As word of the lecture spread, the University responded by cloaking Murray’s invitation in free speech rhetoric, justifying the lecture under the need for a platform that respects all views. This justification, which manifested largely through a standardized response to criticism on Twitter, demonstrated the University’s willingness to adapt their liberal values to reproduce systems of oppression.
And yet, as of a week before the talk, Craiutu said in an interview that he was not sure whether they would even offer a Q&A session at the end of the talk. Students who attended the talk in dissent noted that there was a heavily-moderated Q&A; Craiutu and Murray took questions written on slips of paper and selected the ones they would answer.
Standing on a raised flower bed outside Franklin Hall, students from Students Against State Violence, the English Grad Student Solidarity group, Young Democratic Socialists, and UndocuHoosiers Bloomington addressed the crowd. They condemned the University’s student newspaper, the Indiana Daily Student (IDS), for repeatedly framing student protests as violent and unruly, in need of police to maintain order. These students asked their peers to look at the police, who came prepared with riot gear and zip ties and batons to protect Murray. They asked their peers to consider the destruction that Murray’s claims have wrought on marginalized students and communities, and they asked “Where is the violence really coming from?”
Students cheered, bearing signs that said “IU Betrayed Us”, “Decolonize IU”, and “IU, No Platform for White Supremacy”.
And then a dance party and noise demo broke out.
Students wheeled around a speaker on a small cart, passing out glow-stick bracelets and necklaces. Another brought a blonde wig, a cardboard cut-out of a Pepsi can, and a sign that read “Kendall Jenner Photo Booth”. Someone handed an officer a Pepsi. It erupted in a volcano of carbonated fizz, and the officer stormed off.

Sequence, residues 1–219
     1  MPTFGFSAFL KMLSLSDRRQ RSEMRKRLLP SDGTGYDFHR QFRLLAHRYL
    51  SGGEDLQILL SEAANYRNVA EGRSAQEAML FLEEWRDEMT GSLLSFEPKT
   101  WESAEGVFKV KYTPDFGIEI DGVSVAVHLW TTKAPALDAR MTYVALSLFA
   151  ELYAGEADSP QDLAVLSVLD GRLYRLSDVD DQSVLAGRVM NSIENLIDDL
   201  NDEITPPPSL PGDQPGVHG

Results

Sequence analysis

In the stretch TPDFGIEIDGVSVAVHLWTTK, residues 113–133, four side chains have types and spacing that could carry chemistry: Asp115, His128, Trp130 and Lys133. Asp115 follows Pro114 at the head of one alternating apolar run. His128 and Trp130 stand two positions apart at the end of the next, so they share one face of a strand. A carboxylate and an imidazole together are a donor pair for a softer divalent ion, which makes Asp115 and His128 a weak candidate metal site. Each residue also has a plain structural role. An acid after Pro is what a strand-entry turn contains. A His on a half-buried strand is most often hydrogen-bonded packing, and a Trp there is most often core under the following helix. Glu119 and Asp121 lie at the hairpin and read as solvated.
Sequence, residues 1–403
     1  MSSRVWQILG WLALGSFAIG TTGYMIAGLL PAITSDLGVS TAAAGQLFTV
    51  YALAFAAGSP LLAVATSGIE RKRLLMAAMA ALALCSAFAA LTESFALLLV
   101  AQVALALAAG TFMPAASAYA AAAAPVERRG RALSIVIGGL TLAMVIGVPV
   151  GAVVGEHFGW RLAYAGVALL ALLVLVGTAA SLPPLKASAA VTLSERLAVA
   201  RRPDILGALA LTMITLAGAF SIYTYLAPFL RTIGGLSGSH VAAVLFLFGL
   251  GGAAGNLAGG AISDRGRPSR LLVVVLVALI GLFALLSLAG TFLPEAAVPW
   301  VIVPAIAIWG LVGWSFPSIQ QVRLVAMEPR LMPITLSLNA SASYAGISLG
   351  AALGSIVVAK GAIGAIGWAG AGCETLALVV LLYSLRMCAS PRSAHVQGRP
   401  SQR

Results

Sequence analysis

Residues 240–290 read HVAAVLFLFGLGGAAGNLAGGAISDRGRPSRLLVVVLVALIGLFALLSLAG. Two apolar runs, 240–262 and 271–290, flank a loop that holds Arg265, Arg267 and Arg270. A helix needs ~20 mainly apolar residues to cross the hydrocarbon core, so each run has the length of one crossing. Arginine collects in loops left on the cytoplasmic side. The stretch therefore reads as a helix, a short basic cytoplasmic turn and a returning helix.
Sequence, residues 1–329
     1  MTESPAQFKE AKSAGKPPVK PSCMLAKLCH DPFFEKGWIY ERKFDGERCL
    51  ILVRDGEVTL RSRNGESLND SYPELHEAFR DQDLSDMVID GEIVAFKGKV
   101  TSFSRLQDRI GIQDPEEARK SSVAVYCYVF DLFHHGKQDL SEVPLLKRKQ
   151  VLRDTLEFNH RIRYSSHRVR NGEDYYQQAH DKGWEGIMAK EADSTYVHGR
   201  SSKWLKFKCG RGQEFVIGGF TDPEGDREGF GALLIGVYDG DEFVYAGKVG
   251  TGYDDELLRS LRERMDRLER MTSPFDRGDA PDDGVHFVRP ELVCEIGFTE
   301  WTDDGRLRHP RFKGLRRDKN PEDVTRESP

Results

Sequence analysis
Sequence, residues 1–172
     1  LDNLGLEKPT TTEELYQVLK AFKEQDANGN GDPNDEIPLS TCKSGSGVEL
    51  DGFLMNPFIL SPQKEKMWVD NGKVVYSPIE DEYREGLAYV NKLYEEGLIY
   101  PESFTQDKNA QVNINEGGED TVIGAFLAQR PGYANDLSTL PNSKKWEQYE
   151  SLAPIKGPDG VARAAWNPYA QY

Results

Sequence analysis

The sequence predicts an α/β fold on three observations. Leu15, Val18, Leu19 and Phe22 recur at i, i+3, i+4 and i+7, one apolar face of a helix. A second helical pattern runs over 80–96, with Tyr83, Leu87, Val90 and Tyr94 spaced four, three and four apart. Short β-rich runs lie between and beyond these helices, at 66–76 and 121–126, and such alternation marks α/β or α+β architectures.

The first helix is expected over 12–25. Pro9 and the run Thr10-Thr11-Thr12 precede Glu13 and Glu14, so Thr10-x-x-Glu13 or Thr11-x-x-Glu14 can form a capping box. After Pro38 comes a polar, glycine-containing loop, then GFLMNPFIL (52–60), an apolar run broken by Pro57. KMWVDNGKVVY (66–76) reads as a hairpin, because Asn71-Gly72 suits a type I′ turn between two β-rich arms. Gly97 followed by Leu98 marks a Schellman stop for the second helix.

When a student inside reported that Murray moved to the far corner of the lecture hall away from the noise, the party moved seamlessly to that corner.
A little over an hour after it began, Murray’s lecture ended. Students crowded around the building’s exits, inserting their engagement with the guest speaker where the University, IUPD, Bloomington PD, and the Indiana State Police had denied it previously. Students flooded a small parking lot of police escort vehicles with their bodies. Others rallied around the southeast entrance, the northwest entrance, the east and west.
On the northwest side, one IU staffer laid down in front of a car, blocking the only exit for nearly a dozen police vehicles. IUPD Lieutenant Andy Stephenson jeered at her: “When it gets crazy, all of your friends are going to leave you here alone.”
She knew better.
Another officer at the northwest exit told them that “Murray is long gone.” Students demanded proof, sending two students and one staff member into Franklin Hall to see the “tunnels” he supposedly left through (there were none). Outside, students blocked the police motorcade, locking arms at the entrance to the lot, not letting any vehicle leave without all of its windows down. One student representative checked each car to make sure Charles Murray was not in the vehicle before letting it through the student barrier.
Moments later on the southeast side, a sleek black car crept off of Indiana Avenue onto the footpath that runs between the University’s iconic Sample Gates. Without warning, an officer violently shoved one young woman aside. She crumbled into hard ground, sustaining injuries to her hip and leg. The car crept forward, and Murray appeared through the front door of the building. He slithered into the car.
Police assaulted two more students to prevent any possibility of engagement with Murray, destabilizing students’ footing, throwing their bodies back into IU’s unforgiving red brick path. One student was shoved down three times without pause, not allowed to regain his balance until the falls made him light-headed. He would later report minor injuries to his ankles and wrists. But each student bounced back up and confronted police, shouting at them.
Officers detained another student, Eight O’Clock, who had been walking ahead of the car on the footpath, not engaging with officers or with the car. They held her for half an hour without providing a reason for her detainment. Escorted by police, she disappeared into Franklin Hall.